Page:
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and i'm not able to comment on it. >> if that wasn't enough then in a written request he was asked again and he answered with a single question, a single word. he said no so could he be in legal trouble? is this lying under oath? joining us now ethics lawyer for george w. bush, good to have you, the simple question is is what jeff sessions did lying or perjury. >> well, he didn't tell the truth he needed to disclose the communications that he had with the russians if he indeed did have communication with the russians. that was the clear point of the question. and that included any communications with the russians during the course of the time
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that he was working for the trump campaign. we know he had another job in the senate and in the senate armed services committee and he said he made a phone call in that capacity. and i hope they're not routinely calling the russians. that's not what i expect the senators serving on that committee anyway but the bottom line is that he did not answer senator franken's question truthfully. he needed to disclose any contacts he had with the russians during that campaign. >> so one additional fact, she has been sitting on that committee for many years and has never had contacts with a russian ambassador during that time. just to your statement about what happens on that committee but now the question remains the same. legally what gets him for perjury. his failure to disclose enough. if you can't show that jeff
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sessions knew that these contacts were relevant to the response of that question and intentionally didn't offer them up. if you can't prove that, is it perjury? >> well, that's the question and we need to know more facts. we had a similar situation, i don't think as serious but 40 years ago with the attorney general who testified at his confirmation hearing that was asked about whether he had discussed a certain case with anyone in the white house and he said no and it turned out that he had discussed it on tape with president richard nixon and then the attorney general made similar arguments. i thought you were talking about a different time period or something like that and ended up selling that one out with the prosecutor for a lower charge. a lesser charge that was failure to provide complete information to congress but it cost him his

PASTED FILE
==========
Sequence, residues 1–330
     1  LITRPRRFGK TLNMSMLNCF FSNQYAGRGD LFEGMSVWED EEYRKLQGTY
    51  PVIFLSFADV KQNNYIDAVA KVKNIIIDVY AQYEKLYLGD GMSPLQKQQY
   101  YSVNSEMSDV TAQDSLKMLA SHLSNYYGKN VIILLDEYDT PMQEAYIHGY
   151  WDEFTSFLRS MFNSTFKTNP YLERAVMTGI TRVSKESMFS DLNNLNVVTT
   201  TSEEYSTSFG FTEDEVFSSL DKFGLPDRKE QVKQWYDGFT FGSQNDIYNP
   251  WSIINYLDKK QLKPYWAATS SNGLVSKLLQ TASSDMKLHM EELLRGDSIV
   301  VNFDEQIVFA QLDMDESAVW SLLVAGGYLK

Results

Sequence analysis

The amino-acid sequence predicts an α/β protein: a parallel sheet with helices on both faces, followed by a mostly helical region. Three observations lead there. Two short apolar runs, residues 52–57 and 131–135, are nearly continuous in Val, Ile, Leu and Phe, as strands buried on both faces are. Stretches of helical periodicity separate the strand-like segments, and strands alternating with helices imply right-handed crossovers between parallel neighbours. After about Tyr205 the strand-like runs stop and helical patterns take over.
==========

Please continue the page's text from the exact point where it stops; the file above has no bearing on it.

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job as attorney general and he was reprimanded. >> do you think lesser charges could be realistic here? >> that's -- in you these types of situations, that is sometimes how the cases are resolved. we need to know a lot more about what happened. we don't know what was discussed. that's a big problem over there in the senate armed services committee if that kind of thing is going on and at least one senator is willing to say she's not doing that. that's encouraging. >> so you're saying at a minimum there is a legitimate basis for wanting to know more. the question is how should that inquiry proceed? what's the proper way to do that? >> well, based on what i heard thus far i don't think he was